A shot of rum to help Puerto Rico and the U.S. Virgin Islands?
So says the U.S. tax code, which since 1917 has included a provision that sends taxpayer money back to the islands for every bottle of rum produced there and sold on the mainland.
After this year’s devastating hurricane season, Florida lawmakers want to use the Republican tax bill to boost the amount of money the islands receive from rum exports. But fiscal conservatives — led by the Koch brothers’ influential political arm — are urging Senate Republicans to resist Florida’s urge to boost the payout.
Once you start going down that road, you’re going to have everybody pile on,” Bill Riggs of Koch’s Freedom Partners said of amendments that single out industries. “Then you’re right back to the mess of a tax code they’re trying to fix in the first place.”
The House tax bill coming up for a vote on Thursday includes a measure supported by Rep. Carlos Curbelo, a Miami-area Republican, directing more tax dollars from the production of rum to the two territories until 2023. The Senate bill, still under debate, does not include the measure, but Democratic Sens. Bill Nelson of Florida and Bob Mendendez of New Jersey have introduced an amendment that would make the tax break permanent.
Americans for Prosperity and Freedom Partners, which have championed the GOP tax plan, included the rum provision in a list of amendments they said would “award corporate welfare to special interests,” primarily rum distillers.
The conservative groups, which also warned against embracing special provisions for “green energy” industries such as wind and solar and tax credits for refined coal and nuclear energy, view the tax measure as a gift to special interests, who have lobbied to protect their favorite breaks as lawmakers look to trim the tax code.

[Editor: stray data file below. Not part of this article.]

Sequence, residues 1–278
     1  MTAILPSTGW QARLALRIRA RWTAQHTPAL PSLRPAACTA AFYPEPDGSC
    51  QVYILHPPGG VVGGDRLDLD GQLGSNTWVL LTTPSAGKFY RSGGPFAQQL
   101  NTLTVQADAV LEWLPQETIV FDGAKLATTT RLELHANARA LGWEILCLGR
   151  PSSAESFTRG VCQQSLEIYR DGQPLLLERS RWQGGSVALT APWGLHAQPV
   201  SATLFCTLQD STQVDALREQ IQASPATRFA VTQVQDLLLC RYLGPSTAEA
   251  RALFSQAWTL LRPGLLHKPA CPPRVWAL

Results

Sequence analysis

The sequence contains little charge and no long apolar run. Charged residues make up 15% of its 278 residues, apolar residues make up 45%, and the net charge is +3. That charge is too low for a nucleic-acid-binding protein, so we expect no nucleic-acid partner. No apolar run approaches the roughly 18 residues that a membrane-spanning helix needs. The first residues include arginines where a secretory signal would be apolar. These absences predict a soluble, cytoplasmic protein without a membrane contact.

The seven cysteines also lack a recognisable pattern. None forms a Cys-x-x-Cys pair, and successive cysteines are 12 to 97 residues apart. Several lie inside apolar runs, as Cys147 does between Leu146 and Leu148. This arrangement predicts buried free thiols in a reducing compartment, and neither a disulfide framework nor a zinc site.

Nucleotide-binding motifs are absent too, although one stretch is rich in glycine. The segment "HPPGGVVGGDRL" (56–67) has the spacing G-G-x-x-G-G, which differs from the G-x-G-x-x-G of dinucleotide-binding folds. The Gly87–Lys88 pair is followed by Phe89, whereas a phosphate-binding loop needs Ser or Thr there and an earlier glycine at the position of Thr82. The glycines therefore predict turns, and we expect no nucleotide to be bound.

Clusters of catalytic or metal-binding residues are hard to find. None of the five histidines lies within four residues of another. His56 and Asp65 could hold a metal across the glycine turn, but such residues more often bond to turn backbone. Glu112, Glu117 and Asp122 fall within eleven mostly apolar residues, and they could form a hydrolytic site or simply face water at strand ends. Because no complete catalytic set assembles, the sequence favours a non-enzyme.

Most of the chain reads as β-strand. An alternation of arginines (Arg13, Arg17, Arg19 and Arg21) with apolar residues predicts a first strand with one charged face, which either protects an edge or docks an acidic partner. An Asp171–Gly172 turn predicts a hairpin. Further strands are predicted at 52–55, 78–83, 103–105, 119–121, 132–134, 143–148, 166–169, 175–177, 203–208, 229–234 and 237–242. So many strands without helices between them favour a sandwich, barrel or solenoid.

Under the law, the federal government reimburses the island governments for the tax paid on rum produced on the island, or elsewhere, and sold to the U.S. mainland. But critics charge that it’s a giant bonus for rum distillers on the islands who receive subsidies from the island governments.
The U.S. charges rum makers on the islands an excise tax of $13.50 for every proof gallon they produce and sell on the mainland. Until Dec. 31, 2016 when a tax bill expired, the federal government had sent back $13.25 for every gallon to the two island governments which decide how to spend the money. That figure is now $10.50 of the $13.50, but the Florida lawmakers would restore the give back to the original rate.
Puerto Rico received $358 million from the tax in fiscal year 2017. Had the full $13.25 been given to Puerto Rico that year, its total would have been $393 million. The U.S. Virgin Islands received $191 million; it would have received $218 million.
Nelson said the restoration could not be more timely, given the damage caused by Hurricane Maria, which tore across the islands in September, leaving them in tatters.
“To resurrect Puerto Rico financially, it’s in such difficulty .. we ought to encourage that rum industry,” Nelson said. “Do we want to help our American citizens in Puerto Rico?”
Proponents of restoring the full tax measure note that a bipartisan congressional task force that looked at ways to aid Puerto Rico — which Sen. Orrin Hatch chaired and Nelson was a member of — recommended last December that Congress fully restore the provisions “to help the two territories provide essential public services.” The task force noted at the time that Puerto Rico was struggling to pay for its health, education and public safety programs and that failure to extend the measure “will cause harm.”
Yet a recent Congressional Research Service report found that the payments are often used by the governments “to support economic development projects for the rum industries” in their territories.
A February report by the Center for Investigative Journalism found the Puerto Rican government in the last six years had transferred $554.8 million to three rum producers, with most of that going to Bacardí’, which it noted is a “multinational company that has 27 facilities in 16 markets on four continents.”